How to Grow Vegetable Seedlings in a Basement

Overview

Gardeners can jump-start growing seasons by growing vegetable seedlings in the basement. This often unused area of the home provides additional gardening space. Curious pets or busy toddlers are away from potential dangers and accidents from the equipment and vegetable seedling containers. No daily living space is sacrificed to make room for the gardening project when growers use the basement. Conditions in most basements require a few adjustments for growing vegetable seedlings successfully.

Step 1

Place an oscillating fan in the basement to improve air circulation. Vegetable seedlings require plenty of airflow to absorb airborne nutrients. Run the fan several hours daily.

Step 2

Install grow lights in the basement. Vegetables have a high-growth rate and seedlings require six to eight hours of quality light for photosynthesis. Use a timer on the grow lights to avoid having to remember to switch them on and off manually.

Step 3

Place a dehumidifier source in the basement. Small disposable dehumidifier products or an electric dehumidifier will work. Often, basements contain more humidity than other parts of the home or outdoors. Too much humidity leads to stunted plant growth and susceptibility to fungus or diseases on vegetable seedling leaves and stems.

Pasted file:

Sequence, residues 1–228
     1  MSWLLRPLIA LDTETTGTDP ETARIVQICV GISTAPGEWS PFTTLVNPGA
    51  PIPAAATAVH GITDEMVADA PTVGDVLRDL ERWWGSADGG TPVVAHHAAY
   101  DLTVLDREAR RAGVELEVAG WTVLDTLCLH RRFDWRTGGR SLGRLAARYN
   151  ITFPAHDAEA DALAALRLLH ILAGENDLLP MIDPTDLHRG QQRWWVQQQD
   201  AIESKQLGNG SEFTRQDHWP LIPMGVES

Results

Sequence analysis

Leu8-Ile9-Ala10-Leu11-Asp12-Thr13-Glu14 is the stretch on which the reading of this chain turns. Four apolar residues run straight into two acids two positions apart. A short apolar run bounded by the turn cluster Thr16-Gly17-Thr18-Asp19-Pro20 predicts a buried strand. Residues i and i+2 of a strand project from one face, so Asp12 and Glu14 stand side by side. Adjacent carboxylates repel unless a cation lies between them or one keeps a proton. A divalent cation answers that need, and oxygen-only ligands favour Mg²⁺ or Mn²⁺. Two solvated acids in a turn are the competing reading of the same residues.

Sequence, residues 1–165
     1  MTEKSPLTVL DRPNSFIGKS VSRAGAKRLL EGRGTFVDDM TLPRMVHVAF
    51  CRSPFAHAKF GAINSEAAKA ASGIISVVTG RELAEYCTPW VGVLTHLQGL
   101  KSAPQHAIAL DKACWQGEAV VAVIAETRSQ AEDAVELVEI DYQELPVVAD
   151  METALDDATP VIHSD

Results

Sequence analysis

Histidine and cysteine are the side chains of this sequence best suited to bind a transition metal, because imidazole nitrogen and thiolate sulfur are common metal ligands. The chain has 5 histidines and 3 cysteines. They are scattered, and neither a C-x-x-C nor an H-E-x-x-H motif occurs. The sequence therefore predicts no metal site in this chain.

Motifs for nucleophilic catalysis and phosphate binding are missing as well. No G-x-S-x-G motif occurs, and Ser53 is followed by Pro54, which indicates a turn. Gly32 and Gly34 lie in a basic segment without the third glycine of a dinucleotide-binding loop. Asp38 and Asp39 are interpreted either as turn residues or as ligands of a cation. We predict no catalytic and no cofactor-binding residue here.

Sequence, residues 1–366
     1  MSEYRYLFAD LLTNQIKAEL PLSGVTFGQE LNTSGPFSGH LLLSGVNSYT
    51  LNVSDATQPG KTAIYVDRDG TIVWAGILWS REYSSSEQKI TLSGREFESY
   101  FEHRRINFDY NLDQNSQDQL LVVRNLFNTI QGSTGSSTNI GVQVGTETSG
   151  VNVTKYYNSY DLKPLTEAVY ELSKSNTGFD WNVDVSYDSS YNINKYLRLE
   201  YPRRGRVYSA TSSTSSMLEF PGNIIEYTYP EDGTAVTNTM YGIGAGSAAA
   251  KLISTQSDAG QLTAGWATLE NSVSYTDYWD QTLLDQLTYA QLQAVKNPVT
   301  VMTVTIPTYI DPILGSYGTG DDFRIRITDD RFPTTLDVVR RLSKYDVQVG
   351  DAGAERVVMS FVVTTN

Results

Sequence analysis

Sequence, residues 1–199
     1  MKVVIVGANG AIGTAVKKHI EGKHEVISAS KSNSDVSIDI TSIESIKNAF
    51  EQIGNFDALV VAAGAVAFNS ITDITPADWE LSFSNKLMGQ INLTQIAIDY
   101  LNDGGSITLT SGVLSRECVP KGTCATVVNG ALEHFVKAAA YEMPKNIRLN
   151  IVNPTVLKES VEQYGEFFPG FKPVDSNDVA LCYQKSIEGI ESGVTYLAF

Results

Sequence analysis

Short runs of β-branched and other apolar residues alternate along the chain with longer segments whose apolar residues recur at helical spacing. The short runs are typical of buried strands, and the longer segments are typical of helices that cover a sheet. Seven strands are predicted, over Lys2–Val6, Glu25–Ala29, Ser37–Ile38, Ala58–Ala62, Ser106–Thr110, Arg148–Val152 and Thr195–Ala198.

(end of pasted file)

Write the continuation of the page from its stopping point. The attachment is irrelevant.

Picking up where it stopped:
Step 4

Write a reminder note to check the vegetable seedlings in the basement daily. It can be easy to forget they are there, and the entire crop could be lost.

Step 5

Fill a recycled gallon jug or soda bottles with clean tap water. Place these in the basement at the time of vegetable seedling planting. Watering is easier when multiple trips to the water source upstairs is not needed.

Tips and Warnings

  • Acclimate vegetable seedlings to the outdoors before transplanting into the garden.

Things You'll Need

  • Vegetable seedlings
  • Oscillating fan
  • Plant grow lights
  • Timer
  • Dehumidifier source
  • Paper and pencil
  • Recycled jugs

References

  • "The Potted Plant: New Plants and New Approaches for Container Gardens"; Scott Appell; 2001
Keywords: basement vegetables, vegetable seedlings, growing vegetables

About this Author

Lisha Smith writes for several blogs and has freelanced for six years. She has a Bachelor of Arts from UNC-Greensboro in psychology. Smith has self-published several books. Her areas of experience include gardening, cooking, home improvement, pets and mental health.